Former Portuguese national champion given four year ban for doping

Irregular readings from 2018 and 2019 were found in Domingos Gonçalves' biological passport

Domingos Gonçalves (Photo by Tim de Waele/Getty Images)
(Image credit: Getty Images)

Former Portuguese champion, Domingos Gonçalves, has been banned from racing for four years after returning irregular readings from doping tests between 2018 and 2019 while riding for Rádio Popular-Boavista.

He's had all of his results over that period annulled, including the Portuguese road race and time trial titles he took in 2018.

All four of Gonçalves' career wins have come in Portugal, but three of those wins have been chalked off with just his first career win at the Portuguese time trial championships remaining.

The 31-year-old received a provisional suspension in December 2019, at which point he had rejoined Spanish outfit Caja Rural-Seguros RGA, and therefore will be allowed to return to racing from December 2023 when he is 33.

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This ban comes as the MPCC reveals cycling has moved down to eighth in the Movement For Credible Cycling’s 2020 ‘credibility barometer’, where they list which sport has had the most doping cases each year.

Cycling moved down three spaces from last year's ranking, with 18 cases in 2020. The number of cases had doubled from 2018 to 32 in 2019, which the MPCC described as a "brutal year".

While the drop in cases for cycling is encouraging, the MPCC has said it should be looked at with a pinch of salt as the global pandemic may have meant some cases haven't been detected due to less testing both in and outside of competition. WADA says there was an 18.6 per cent fall in positive tests across all sports compared to 2019, and down 30 per cent on 2018’s number.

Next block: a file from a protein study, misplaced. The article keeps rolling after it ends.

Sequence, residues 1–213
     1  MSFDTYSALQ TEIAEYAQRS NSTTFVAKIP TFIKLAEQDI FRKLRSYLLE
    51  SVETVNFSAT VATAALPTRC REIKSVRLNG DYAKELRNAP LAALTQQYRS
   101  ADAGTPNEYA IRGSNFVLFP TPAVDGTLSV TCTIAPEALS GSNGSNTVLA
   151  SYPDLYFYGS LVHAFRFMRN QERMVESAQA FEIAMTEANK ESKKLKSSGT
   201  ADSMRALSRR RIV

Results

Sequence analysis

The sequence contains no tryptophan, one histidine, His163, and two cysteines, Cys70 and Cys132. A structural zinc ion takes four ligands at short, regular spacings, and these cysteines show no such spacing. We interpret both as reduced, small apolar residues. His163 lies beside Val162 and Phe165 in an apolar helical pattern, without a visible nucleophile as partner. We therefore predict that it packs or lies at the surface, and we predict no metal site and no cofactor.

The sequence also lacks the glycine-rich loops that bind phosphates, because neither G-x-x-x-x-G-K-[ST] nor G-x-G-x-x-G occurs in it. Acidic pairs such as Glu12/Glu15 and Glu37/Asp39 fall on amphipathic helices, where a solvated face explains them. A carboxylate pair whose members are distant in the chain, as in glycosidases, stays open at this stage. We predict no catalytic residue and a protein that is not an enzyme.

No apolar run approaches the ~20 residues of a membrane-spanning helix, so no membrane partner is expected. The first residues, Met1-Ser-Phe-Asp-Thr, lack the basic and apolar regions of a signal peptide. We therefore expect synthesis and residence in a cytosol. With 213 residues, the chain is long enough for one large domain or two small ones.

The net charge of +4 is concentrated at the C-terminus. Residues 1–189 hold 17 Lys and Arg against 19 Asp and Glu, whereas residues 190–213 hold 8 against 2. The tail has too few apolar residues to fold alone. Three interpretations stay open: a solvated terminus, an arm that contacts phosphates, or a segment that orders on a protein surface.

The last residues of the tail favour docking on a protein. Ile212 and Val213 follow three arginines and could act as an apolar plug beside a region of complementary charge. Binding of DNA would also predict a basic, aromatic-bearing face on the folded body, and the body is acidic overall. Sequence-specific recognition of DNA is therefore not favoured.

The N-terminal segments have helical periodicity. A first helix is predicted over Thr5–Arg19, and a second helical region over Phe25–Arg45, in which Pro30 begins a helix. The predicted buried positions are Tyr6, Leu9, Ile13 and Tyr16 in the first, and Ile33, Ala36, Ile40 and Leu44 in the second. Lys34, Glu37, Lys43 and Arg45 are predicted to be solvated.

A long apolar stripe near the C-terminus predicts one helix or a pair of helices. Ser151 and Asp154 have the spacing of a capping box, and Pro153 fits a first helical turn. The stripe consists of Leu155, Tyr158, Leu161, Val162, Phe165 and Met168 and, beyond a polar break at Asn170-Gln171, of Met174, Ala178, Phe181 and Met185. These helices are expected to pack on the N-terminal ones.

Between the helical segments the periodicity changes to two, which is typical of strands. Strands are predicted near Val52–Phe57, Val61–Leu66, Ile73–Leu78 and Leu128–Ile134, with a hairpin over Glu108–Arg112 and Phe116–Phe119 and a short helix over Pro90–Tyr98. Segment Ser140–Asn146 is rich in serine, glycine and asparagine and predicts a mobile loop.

The MPCC also showed the cases by country, the USA having the most with 76 and Russia in second with 42. Italy led Europe's cases with the UK second for doping.

One encouraging figure, the MPCC say, is the lowest recorded number of doping cases in the WorldTour since its inception in 2005, with only three at WorldTour or ProTeam level.

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Hi, I'm one of Cycling Weekly's content writers for the web team responsible for writing stories on racing, tech, updating evergreen pages as well as the weekly email newsletter. Proud Yorkshireman from the UK's answer to Flanders, Calderdale, go check out the cobbled climbs!


I started watching cycling back in 2010, before all the hype around London 2012 and Bradley Wiggins at the Tour de France. In fact, it was Alberto Contador and Andy Schleck's battle in the fog up the Tourmalet on stage 17 of the Tour de France.


It took me a few more years to get into the journalism side of things, but I had a good idea I wanted to get into cycling journalism by the end of year nine at school and started doing voluntary work soon after. This got me a chance to go to the London Six Days, Tour de Yorkshire and the Tour of Britain to name a few before eventually joining Eurosport's online team while I was at uni, where I studied journalism. Eurosport gave me the opportunity to work at the world championships in Harrogate back in the awful weather.


After various bar jobs, I managed to get my way into Cycling Weekly in late February of 2020 where I mostly write about racing and everything around that as it's what I specialise in but don't be surprised to see my name on other news stories.


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